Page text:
Parts of Plants We Can Eat

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Whether eating a snack, main course, or dessert, plant-based foods are a part of the diet in every culture. While not every plant is edible, we do eat a variety of plant parts in our diets. From some plants we may eat the leaves, roots, or stems, while from others we may eat the fruit or seeds. Each plant is different based upon the parts that are edible.

Fruit

  • The fruit of a plant is the fleshy covering over the seeds of the plant. In some cases, like strawberries, the seeds are on the outside of the fruit. Some common fruits that we eat include watermelon, cantaloupe, blueberries, apples, bananas, tomatoes, peaches and pears.

Leaves

  • The function of a leaf on a plant is to collect light for photosynthesis. We eat leaves of certain plants in salads or as an herb for main and side dishes. Edible plant leaves include cilantro, parsley, artichokes, spinach, basil, lettuce and cabbage.

Stem

  • The stem, or stalk, is like the backbone to the plant. This part keeps the plant upright and is like a highway that moves nutrients from the leaves and roots to the different parts of the plant. Celery and asparagus are common stems that people eat. Cinnamon also comes from the stem bark and is used as a spice.

Roots and Tubers

  • Plant roots retrieve water and nutrients from the soil to help the plant grow. Tubers store energy for the plant and can also reproduce more plants. Carrots and beets are roots while potatoes and yams are tubers.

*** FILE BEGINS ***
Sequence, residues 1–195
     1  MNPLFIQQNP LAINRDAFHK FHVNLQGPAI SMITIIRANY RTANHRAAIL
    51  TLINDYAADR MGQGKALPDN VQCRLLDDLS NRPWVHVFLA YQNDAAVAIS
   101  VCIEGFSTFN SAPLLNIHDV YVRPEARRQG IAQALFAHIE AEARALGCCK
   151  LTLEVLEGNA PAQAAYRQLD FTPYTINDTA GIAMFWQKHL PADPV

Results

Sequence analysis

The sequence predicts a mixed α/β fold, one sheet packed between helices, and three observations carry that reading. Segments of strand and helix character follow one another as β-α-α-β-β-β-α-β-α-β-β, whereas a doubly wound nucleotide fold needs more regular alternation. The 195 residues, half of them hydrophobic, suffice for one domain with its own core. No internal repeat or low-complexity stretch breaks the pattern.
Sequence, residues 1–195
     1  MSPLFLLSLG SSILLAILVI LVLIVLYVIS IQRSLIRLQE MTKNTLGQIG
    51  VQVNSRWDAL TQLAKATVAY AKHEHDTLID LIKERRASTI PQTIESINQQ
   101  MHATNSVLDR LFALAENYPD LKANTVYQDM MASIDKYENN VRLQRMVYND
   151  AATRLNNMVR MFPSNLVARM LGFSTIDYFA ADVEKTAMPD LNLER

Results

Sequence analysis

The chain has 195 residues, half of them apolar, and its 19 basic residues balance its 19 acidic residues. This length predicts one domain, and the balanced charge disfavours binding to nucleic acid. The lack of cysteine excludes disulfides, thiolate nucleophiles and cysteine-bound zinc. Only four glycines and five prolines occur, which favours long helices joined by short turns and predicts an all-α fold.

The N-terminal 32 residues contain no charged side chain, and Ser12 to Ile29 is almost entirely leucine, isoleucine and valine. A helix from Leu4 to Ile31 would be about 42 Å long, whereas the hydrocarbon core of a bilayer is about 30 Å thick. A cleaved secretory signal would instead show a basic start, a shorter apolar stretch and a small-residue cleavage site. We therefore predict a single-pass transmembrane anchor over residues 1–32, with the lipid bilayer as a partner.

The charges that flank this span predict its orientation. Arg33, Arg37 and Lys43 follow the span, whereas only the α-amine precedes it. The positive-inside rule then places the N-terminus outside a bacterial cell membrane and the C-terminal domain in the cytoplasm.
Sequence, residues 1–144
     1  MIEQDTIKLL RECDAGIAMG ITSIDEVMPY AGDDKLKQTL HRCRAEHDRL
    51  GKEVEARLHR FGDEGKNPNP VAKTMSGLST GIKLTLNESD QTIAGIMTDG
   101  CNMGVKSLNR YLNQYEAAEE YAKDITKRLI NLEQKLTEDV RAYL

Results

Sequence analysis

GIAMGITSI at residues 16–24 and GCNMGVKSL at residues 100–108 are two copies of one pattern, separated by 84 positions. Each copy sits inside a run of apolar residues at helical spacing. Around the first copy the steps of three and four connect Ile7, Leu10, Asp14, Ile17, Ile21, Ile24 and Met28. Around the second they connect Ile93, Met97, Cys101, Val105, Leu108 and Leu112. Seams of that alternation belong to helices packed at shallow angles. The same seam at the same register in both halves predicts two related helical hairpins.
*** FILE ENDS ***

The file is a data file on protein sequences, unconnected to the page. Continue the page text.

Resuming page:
Bulbs

  • Plant bulbs grow underground and reproduce more plants. Bulbs that we eat include onions, shallots, garlic, water chestnuts and leeks.

Flowers

  • The flower attracts insects to aid in the pollination process. Often, we don't think of the flower part being edible, but some of the most commonly eaten vegetables are flowers. Cauliflower and broccoli heads are both flower buds.

Seeds

  • While we may accidentally swallow a watermelon seed, seeds are an edible part of many plants. Some seeds we eat include peas, beans, corn, pumpkin seeds and sunflower seeds.

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  • Photo Credit vegetables image by cherie from Fotolia.com
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